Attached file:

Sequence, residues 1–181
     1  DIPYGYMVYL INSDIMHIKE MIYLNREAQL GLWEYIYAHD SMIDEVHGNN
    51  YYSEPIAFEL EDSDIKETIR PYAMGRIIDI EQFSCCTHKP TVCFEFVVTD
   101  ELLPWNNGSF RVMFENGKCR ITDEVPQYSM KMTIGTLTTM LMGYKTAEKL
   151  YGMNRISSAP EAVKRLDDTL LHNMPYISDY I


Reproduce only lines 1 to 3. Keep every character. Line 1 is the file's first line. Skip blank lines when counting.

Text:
Sequence, residues 1–181
     1  DIPYGYMVYL INSDIMHIKE MIYLNREAQL GLWEYIYAHD SMIDEVHGNN
    51  YYSEPIAFEL EDSDIKETIR PYAMGRIIDI EQFSCCTHKP TVCFEFVVTD